In the hills of central Honduras, about 20 miles west of Tegucigalpa, there lies an abandoned city.
It sits along the eastern bank of the Guacerique river, mile after mile of concrete row houses and narrow dirt lanes. They stretch along the flat lands from the river bank up to the bluffs that run out from the surrounding mountains. The river runs along the length of the city, the surrounding lands are fertile, but the city is without life.
Even in broad daylight, the city is so still that the birds alight for hours to sun themselves on the rooftops, and wild animals take shelter in the shells of the empty homes. This city that could house 50,000 people, lies empty because nobody thought of what to do with the sewage that the city dwellers would produce. Nobody could come up with a good way to treat the sewage before it polluted the river water and groundwater, the same water that 800,000 Tegucigalpans downriver depend on for drinking and cooking and bathing.
There is a way to treat sewage that renders the final water product completely clean, drinkable, safe to cook with, safe to bathe with. This method uses algae and other water plants growing in a system of ponds to extract all poisons from the sewage.
An algae pond system that would clean the sewage from a city of 50,000 people would require at most about one-half a square mile of relatively flat land, downstream from the city and with canal access to the river upstream and downstream from the ponds. There are several such areas downstream from Ciudad Mateo, at least according to the topographic maps ecoworld.com has obtained from the Honduran Instituto Geographica Nacional.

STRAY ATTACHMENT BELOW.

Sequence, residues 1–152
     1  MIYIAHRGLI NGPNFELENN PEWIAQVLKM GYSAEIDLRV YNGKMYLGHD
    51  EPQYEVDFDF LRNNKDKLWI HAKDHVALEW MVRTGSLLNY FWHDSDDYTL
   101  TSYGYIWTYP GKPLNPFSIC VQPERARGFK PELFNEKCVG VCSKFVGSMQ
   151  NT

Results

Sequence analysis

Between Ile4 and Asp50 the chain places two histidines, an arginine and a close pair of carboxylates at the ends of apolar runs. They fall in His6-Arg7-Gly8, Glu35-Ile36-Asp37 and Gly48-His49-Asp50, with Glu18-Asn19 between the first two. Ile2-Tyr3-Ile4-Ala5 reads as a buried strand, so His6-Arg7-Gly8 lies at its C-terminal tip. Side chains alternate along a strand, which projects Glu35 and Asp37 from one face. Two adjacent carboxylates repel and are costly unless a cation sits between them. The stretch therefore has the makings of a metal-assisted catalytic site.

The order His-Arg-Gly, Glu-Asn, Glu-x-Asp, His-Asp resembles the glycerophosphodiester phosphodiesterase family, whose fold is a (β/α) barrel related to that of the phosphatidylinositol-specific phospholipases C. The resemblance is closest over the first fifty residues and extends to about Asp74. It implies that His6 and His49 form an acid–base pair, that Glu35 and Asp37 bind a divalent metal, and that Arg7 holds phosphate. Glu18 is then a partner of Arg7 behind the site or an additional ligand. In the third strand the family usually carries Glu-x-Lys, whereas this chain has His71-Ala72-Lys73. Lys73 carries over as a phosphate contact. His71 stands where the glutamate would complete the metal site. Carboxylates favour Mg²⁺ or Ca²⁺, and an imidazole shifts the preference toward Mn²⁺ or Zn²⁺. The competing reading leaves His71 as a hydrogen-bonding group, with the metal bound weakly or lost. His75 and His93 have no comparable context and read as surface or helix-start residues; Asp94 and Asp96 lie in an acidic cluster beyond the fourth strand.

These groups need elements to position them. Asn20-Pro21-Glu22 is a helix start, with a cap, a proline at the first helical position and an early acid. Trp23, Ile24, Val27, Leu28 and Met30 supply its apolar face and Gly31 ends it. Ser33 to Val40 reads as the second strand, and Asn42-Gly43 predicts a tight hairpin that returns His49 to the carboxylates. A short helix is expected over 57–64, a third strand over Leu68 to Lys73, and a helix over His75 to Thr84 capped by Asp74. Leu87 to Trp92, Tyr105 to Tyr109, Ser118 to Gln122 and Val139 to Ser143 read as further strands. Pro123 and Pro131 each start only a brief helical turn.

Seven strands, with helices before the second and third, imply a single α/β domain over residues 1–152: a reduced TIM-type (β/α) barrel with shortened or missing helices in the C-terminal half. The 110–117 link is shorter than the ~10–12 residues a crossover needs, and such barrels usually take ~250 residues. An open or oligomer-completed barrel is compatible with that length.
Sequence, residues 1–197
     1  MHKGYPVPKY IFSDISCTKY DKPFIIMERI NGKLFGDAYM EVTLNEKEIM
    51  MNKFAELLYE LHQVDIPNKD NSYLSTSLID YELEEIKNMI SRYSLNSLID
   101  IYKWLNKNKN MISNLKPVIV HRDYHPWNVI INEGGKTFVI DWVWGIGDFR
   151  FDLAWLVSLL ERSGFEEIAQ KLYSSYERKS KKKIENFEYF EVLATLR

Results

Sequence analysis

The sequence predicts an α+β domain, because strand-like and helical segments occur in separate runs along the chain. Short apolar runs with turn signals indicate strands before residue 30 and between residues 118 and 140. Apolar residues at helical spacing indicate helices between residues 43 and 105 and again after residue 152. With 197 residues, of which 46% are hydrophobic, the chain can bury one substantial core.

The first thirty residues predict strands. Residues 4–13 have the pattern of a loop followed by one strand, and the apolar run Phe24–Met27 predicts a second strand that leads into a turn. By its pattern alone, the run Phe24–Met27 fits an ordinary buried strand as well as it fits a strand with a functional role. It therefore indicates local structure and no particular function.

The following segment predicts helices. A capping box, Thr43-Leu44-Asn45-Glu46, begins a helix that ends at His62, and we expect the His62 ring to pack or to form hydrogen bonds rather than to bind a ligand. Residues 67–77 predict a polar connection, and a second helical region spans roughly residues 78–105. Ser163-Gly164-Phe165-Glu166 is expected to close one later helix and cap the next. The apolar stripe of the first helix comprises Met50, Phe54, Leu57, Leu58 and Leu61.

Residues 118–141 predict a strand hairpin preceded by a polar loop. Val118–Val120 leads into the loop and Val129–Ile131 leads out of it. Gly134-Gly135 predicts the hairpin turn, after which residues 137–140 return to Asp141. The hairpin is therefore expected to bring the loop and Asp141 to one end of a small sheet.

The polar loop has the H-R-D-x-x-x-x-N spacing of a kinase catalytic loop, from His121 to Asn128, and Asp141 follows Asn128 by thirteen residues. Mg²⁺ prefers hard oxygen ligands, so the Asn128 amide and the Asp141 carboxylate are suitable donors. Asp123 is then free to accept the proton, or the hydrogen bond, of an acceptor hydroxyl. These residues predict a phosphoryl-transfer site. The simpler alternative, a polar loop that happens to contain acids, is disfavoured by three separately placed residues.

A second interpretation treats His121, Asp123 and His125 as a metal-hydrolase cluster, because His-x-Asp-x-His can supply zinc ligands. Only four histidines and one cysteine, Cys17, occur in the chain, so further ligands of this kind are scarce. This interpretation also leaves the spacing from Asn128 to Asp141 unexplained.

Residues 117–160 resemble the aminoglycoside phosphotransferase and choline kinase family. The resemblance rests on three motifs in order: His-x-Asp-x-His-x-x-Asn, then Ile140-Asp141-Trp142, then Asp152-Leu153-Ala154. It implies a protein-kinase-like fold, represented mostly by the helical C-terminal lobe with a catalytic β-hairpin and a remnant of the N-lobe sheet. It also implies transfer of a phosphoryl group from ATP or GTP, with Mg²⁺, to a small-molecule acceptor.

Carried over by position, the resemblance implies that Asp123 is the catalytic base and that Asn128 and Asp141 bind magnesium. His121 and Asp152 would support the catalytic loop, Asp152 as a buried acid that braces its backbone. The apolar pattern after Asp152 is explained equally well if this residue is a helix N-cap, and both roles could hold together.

This means that instead of an empty city, one where the miles of concrete hollows are being considered by the municipal authorities for sale to use as mausoleums, Ciudad Mateo could be filled with life. The Honduran authorities are trying to decide what to do with this empty city right now. What they should do is build an algae pond system to treat the sewage from Ciudad Mateo; for design expertise, hire William Oswald, the Algae King from the University of California at Berkeley. Algae treatment costs only about one-tenth what mechanized sewage treatment plants cost, and they clean the water better than mechanized plants. They also require less energy input and less maintenance. The only reason they haven’t caught on in the developed world is they require a relatively large amount of land, which is not a problem in Honduras, or most of the developing world.
While they’re at it, the Hondurans should hire an architect or city planner from Curitiba, that Brazilian showcase of urban planning, to selectively blast wide boulevards through the rows of concrete structures. A solid grid of streets might be cost-efficient to build, but the efficiency of a more thoughtful system of roads and open spaces would more than pay for itself in the long run. Imagine Ciudad Mateo transforming itself from an empty city destined to become a mausoleum into a model city, filled with life. Children playing in the parks, young people chasing a soccer ball in the open places, farmer’s markets and music in the squares, and everywhere, big trees, clean water, and happy people.